17. The essays and speeches from the conference were published in Larry Diamond, Marc F. Plattner, Yun-han Chu, and Hung-mao Tien, eds., Consolidating the Third Wave Democracies (Baltimore: Johns Hopkins University Press, 1997), and many were first published in the Journal.
18. Juan J. Linz and Alfred Stepan, “Toward Consolidated Democracies,” Journal of Democracy 7 (April 1996): 15––16.
19. Philippe C. Schmitter, “Civil Society East and West,” in Diamond, et al., Consolidating the Third Wave Democracies, 240–62.
20. Linz and Stepan, “Toward Consolidated Democracies,” 17–23.
21. Adam Przeworski, Michael Alvarez, José Antonio Cheibub, and Fernando Limongi, “What Makes Democracies Endure?” Journal of Democracy 7 (January 1996): 41 and 49.
22. These cases include Venezuela, Turkey, Thailand, and Hungary.
23. Guillermo O’Donnell, “Illusions About Consolidation,” Journal of Democracy 7 (April 1996): 38–39.
24. O’Donnell, “Illusions About Consolidation,” 44.
25. O’Donnell, “Illusions About Consolidation”; see also his “Delegative Democracy,” Journal of Democracy 5 (January 1994): 55–69, and O’Donnell, “Horizontal Accountability in New Democracies,” Journal of Democracy 9 (July 1998): 112–26.
26. Thomas Carothers, “The End of the Transition Paradigm,” Journal of Democracy 13 (January 2002): 5–21; Larry Diamond, Juan J. Linz, and Seymour Martin Lipset, Democracy in Developing Countries: Asia, Africa and Latin America (Boulder, Colo.: Lynne Rienner, 1988–89).
27. Terry Lynn Karl, “The Hybrid Regimes of Central America,” Journal of Democracy 6 (July 1995): 80.
28. Steven Levitsky and Lucan Ahmad Way, “Elections Without Democracy: The Rise of Competitive Authoritarianism,” Journal of Democracy 13 (April 2002): 51-65.
29. Carothers, “End of the Transition Paradigm,” 10.
30. Linz and Stepan, “Toward Consolidated Democracies,” p. 15, and Problems of Democratic Transition and Consolidation (Baltimore: Johns Hopkins University Press, 1996), 67–69.
31. These quotes are from Guillermo O’Donnell, “The Quality of Democracy: Why the Rule of Law Matters,” Journal of Democracy 15 (October 2004): 41, but the idea originates in his essay “On the State, Democratization and Some Conceptual Problems: A Latin American View with Glances at Some Postcommunist Countries,” World Development 21 (1993): 1355–69.
32. Larry Diamond, “Democracy in Latin America: Degrees, Illusions, and Directions for Consolidation,” in Tom Farer ed., Beyond Sovereignty: Collectively Defending Democracy in the Americas (Baltimore: John Hopkins University Press, 1996), 73–74. See also Larry Diamond, Developing Democracy: Toward Consolidation (Baltimore: Johns Hopkins University Press, 1999), 64–117, especially 74–75.
33. See the articles on the Quality of Democracy, Journal of Democracy 15 (October 2004): 20-110, and Larry Diamond and Leonardo Morlino, eds., Assessing the Quality of Democracy (Baltimore: Johns Hopkins University Press, 2005).
34. Diamond, Linz, and Lipset, eds., Democracy in Developing Countries and Politics in Developing Countries: Comparing Experiences with Democracy (Boulder, Colo.: Lynne Rienner, 1995).
35. See for example Donald Horowitz, “The Challenge of Ethnic Conflict: Democracy in Divided Societies,” Journal of Democracy 4 (October 1993): 18-38, and his magisterial Ethnic Groups in Conflict (Berkeley, CA: University of California Press, 1985).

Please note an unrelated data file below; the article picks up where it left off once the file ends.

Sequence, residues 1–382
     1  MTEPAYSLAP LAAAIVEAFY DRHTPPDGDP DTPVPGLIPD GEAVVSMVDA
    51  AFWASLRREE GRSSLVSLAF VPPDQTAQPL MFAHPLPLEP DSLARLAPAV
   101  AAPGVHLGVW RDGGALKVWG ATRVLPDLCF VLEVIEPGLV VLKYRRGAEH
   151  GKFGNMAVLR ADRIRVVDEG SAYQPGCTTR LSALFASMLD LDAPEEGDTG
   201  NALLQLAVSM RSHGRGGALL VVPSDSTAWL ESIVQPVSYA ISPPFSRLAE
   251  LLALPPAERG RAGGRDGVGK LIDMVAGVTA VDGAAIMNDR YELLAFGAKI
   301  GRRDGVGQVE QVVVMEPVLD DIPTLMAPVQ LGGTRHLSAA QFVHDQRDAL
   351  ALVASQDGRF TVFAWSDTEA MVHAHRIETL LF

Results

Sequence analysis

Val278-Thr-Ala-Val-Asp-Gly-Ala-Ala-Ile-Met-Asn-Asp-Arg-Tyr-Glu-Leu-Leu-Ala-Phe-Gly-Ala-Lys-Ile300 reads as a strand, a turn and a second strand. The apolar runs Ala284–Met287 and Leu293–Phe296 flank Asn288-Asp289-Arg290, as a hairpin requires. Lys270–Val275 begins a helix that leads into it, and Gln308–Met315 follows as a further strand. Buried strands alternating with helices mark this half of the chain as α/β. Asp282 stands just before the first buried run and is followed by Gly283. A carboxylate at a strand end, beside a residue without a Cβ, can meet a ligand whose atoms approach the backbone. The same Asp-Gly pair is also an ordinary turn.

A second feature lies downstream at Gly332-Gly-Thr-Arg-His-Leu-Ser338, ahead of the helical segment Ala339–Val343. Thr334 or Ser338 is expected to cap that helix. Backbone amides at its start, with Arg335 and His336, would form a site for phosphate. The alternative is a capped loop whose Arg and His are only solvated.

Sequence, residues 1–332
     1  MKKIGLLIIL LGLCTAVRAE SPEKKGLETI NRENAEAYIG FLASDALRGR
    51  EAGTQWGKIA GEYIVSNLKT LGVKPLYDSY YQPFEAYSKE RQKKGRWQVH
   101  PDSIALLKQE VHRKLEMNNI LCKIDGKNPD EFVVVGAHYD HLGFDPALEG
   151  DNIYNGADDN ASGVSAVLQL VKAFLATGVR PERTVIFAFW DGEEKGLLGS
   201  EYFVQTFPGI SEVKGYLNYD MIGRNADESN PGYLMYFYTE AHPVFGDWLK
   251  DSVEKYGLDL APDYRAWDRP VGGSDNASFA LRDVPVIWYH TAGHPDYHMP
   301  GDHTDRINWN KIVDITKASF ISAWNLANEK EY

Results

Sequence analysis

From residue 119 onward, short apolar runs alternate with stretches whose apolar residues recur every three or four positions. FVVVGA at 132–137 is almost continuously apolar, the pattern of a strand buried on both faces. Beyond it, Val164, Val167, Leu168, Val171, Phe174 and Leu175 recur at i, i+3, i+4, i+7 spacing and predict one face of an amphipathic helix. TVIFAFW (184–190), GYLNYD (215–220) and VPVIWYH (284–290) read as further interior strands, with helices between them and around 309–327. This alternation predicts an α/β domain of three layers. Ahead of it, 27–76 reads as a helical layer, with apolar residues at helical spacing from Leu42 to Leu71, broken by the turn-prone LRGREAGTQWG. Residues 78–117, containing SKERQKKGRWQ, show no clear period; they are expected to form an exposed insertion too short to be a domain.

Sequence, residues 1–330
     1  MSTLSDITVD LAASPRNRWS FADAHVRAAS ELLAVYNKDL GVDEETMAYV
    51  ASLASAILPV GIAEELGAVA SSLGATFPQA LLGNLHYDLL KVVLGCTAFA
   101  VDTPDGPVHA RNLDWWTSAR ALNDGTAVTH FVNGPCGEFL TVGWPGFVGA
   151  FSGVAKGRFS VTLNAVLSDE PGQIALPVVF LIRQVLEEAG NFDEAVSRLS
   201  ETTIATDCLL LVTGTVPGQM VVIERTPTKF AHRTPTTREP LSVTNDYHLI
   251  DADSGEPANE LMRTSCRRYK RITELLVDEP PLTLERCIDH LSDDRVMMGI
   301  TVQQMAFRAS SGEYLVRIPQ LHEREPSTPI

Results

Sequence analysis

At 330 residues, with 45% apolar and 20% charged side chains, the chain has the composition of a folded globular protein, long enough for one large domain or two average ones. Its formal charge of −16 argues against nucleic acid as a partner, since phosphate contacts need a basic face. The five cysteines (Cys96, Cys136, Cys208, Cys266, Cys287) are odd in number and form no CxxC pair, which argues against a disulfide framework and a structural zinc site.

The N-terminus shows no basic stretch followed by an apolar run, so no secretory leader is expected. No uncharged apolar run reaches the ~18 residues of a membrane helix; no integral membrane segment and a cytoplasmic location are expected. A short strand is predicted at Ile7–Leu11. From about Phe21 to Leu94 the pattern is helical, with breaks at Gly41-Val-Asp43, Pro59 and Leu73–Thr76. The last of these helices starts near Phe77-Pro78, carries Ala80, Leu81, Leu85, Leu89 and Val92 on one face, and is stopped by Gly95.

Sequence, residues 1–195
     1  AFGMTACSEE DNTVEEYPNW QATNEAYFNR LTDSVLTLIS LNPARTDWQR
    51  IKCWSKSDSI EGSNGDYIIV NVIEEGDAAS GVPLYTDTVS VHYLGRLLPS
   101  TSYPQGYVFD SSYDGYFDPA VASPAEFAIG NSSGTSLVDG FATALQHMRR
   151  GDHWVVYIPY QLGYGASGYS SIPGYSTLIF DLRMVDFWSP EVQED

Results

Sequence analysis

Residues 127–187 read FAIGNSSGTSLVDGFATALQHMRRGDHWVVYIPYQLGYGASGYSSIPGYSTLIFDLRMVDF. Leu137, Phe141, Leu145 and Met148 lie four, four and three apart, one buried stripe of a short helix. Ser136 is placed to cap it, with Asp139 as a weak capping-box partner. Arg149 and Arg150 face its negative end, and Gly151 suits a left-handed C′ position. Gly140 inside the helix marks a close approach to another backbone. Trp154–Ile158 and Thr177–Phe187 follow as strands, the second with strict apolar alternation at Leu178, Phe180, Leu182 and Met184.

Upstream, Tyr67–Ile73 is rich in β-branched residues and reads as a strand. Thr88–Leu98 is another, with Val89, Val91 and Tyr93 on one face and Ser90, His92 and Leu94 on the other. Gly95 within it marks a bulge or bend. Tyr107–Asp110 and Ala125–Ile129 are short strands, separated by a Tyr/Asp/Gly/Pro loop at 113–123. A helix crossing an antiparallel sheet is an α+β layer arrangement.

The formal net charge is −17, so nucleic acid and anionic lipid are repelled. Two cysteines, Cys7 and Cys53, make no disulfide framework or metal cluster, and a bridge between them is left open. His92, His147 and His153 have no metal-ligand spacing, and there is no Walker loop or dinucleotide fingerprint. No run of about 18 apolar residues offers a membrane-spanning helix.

36. Larry Diamond, “Rethinking Civil Society: Toward Democratic Consolidation,” Journal of Democracy 5 (July 1994): 4-17, and Schmitter, “Civil Society East and West.”
37. We pondered these issues in great depth in Diamond, Linz, and Lipset, “What Makes for Democracy?” in Politics in Developing Countries, 1-65.
38. Terry Karl popularized this term in “Dilemmas of Democratization in Latin America,” Comparative Politics 23 (October 1990): 1-21.
39. Juan J. Linz and Alfred Stepan, eds., The Breakdown of Democratic Regimes (Baltimore: Johns Hopkins University Press, 1978); Nancy Bermeo, Ordinary People in Extraordinary Times: the Citizenry and the Breakdown of Democracy (Princeton: Princeton University Press, 2003); Tom Ginsburg and Aziz Huq, ‘Democracy’s ‘Near Misses,’” Journal of Democracy 29 (October 2018): 16–30.
40. Francis Fukuyama, “Why is Democracy Performing So Poorly,” Journal of Democracy 26 (January 2015): 11–20.
41. Andreas Schedler, “Rethinking the State: Conflicts and Agents of Accountability,” in Schedler, Larry Diamond, and Marc F. Plattner, eds., The Self–Restraining State: Power and Accountability in New Democracies, 333–50; and Alina Mungiu-Pippidi, “The Quest for Good Government: Learning from Virtuous Circles,” Journal of Democracy 27 (January 2016): 95–109.
42. Diamond, Linz and Lipset, “What Makes for Democracy,” 16.
43. Kathryn Stoner et al., “Transitional Successes and Failures: The Domestic-International Nexus,” in Stoner and McFaul, eds., Transitions to Democracy: A Comparative Perspective (Baltimore: Johns Hopkins University Press, 2013): 3–24.
44. Robert D. Putnam, “Bowling Alone: America’s Declining Social Capital,” Journal of Democracy 6 (January 1995): 65–76.
45. Diamond, Linz, and Lipset, “What Makes for Democracy?” 56–57.
46. Larry Diamond, “Is the Third Wave Over?” Journal of Democracy 7 (July 1996): 33 and 35.
47. Larry Diamond, “Is Pakistan the (Reverse) Wave of the Future?” Journal of Democracy 11 (July 2000): 91–106.
48. For two broader views, see Larry Diamond, Ill Winds: Saving Democracy from Russia Rage, Chinese Ambition, and American Complacency (New York: Penguin, 2019) and Stephan Haggard and Robert Kaufman, “The Anatomy of Democratic Backsliding,” Journal of Democracy 32 (October 2021): 26–41.